In 2020, the MLB doubled the number of high-frame-rate 4K cameras with zoom lenses available for video reviews to 24.
The slow motion bat flip is so nice pic.twitter.com/lx6Kw1UHuu
— Baseball Bros (@BaseballBros) April 16, 2021
1951: First Color Sports Telecast
— Daniel Bennett (@DanielBennettNY) August 12, 2017
August 11, 1951. The first ever color telecasts between the Boston Braves and the Brooklyn Dodgers. The Dodgers delivered a schalumping on the Braves, 8-1.
P.S. Regretfully, I cannot take credit for the word “schalumping.” It was used at the time by New York Daily news reporter Dick Young, and now I will exclusively use it going forward.
Dick Young of the @NYDailyNews told the story 8/12/51
— #BaseballandtheLaw ⚾️ 🏛 (@BaseballandLaw) August 11, 2019
1965: The Introduction Of On-Screen Graphics
Before ’65, white lettering on flip cards was “supered” over the game image, requiring both images to be displayed at half-intensity, thus giving it a grainy, over-saturated look.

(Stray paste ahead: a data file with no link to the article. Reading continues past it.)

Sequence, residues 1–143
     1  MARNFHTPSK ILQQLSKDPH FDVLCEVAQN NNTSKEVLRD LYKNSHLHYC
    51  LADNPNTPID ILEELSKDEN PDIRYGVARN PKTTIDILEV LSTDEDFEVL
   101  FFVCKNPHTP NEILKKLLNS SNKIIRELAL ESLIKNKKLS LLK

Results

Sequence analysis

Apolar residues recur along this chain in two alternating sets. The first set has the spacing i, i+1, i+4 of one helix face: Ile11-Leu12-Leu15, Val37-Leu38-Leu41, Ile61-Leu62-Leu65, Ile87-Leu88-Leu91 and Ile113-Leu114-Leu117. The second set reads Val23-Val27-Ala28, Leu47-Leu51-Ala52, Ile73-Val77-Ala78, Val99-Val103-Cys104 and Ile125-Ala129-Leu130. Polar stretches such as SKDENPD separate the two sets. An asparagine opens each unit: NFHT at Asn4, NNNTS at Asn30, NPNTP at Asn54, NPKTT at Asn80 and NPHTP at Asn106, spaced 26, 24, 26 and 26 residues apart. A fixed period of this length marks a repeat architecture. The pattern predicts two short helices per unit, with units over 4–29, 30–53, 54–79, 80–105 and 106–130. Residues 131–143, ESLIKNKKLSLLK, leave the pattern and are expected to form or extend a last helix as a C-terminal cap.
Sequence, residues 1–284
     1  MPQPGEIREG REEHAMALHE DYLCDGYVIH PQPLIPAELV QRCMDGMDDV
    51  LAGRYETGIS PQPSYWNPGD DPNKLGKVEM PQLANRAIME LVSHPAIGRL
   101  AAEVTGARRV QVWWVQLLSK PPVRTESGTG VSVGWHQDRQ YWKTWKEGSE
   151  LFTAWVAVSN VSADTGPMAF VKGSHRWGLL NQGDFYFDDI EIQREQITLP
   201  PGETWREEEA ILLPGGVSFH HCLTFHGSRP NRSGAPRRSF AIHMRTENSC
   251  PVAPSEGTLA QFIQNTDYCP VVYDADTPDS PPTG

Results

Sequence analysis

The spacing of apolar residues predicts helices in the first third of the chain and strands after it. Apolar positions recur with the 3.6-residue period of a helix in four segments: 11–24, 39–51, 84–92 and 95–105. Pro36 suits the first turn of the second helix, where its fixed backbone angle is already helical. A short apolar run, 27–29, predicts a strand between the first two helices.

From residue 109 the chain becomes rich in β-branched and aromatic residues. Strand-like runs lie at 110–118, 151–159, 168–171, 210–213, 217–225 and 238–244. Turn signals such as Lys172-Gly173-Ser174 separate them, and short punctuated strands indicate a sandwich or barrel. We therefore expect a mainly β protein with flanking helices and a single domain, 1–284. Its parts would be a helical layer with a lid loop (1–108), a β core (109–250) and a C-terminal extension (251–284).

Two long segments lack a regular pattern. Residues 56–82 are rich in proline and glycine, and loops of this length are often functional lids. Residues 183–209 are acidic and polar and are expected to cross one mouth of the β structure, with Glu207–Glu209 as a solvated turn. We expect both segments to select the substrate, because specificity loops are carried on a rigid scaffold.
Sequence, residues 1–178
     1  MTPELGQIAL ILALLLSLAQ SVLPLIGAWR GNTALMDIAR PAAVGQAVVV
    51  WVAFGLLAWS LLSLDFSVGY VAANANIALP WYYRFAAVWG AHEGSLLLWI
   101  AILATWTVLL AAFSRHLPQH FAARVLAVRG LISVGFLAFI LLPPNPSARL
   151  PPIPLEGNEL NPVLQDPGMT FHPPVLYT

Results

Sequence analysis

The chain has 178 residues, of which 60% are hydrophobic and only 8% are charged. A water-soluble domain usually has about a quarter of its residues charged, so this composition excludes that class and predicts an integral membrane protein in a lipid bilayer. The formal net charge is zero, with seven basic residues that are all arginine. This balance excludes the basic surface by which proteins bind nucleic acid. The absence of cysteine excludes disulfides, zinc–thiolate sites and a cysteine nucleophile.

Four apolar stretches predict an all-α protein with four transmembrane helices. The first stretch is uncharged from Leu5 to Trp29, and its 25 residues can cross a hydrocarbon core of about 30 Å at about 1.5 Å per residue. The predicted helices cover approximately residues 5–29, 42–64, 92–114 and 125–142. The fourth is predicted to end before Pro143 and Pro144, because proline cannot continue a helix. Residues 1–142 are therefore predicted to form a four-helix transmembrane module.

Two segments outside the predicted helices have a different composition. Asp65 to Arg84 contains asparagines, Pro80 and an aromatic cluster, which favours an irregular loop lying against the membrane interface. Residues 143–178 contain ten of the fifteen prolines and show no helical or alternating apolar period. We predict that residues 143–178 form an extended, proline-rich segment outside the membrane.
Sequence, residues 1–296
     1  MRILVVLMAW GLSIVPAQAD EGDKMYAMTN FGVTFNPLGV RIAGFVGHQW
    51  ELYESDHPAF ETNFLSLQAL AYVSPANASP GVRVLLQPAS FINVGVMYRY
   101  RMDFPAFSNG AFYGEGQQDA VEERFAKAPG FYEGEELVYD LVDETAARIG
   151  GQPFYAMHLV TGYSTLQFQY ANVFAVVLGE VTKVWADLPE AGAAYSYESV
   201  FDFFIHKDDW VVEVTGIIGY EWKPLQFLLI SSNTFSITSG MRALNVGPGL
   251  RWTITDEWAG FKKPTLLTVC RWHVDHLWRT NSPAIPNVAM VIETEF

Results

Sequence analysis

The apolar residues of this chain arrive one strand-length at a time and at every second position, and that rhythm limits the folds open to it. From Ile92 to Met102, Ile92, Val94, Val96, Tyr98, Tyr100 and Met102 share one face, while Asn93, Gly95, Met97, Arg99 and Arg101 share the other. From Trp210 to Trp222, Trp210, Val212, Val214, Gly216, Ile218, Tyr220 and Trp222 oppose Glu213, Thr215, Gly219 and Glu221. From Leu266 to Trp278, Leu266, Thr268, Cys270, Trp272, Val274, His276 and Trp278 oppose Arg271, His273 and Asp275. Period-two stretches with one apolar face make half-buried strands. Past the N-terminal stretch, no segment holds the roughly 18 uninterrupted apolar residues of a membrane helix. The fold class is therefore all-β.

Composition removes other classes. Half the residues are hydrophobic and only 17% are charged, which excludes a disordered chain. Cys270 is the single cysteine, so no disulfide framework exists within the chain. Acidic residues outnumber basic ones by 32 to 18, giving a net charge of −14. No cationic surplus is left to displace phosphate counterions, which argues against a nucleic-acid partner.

In 1965, graphics were matted over the game image and 10 years later, piggybacking off an electronic character generator, the 1975 World Series debuted yellow graphics that were updated during the game.
Boston #RedSox pitcher Luis Tiant gets Cincinnati #Reds leadoff hitter Pete Rose to fly out to a sliding Carl Yastrzemski for the first out of Game 6 of the 1975 World Series at Fenway Park! ~ Happy 80th Birthday "El Tiante"! #MLB #Baseball #History pic.twitter.com/PpEotBup4p
— Baseball by BSmile (@BSmile) November 23, 2020
For perspective, the ESPN graphics team just transformed Matthew Stafford into Marty McFly. Why? Because they can.
— bill hofheimer (@bhofheimer_espn) September 20, 2021
1994: The NFL Is Your Oyster
The impetus of NFL’s Sunday Ticket package, a subscription service covering every game that is not airing on local affiliates, dates all the way back to 1994 when Sports Bar Operator of the Year Jon Taffer (yes, that Jon Taffer) was tasked with creating the model that would ultimately become the multi-billion dollar enterprise.
BroBible sat down with the Bar Rescue entrepreneur this summer and discussed how he piggybacked compression satellite technology and designed a whole premise around multiple games, ad slicks, merchandising, marketing, and industry promotion.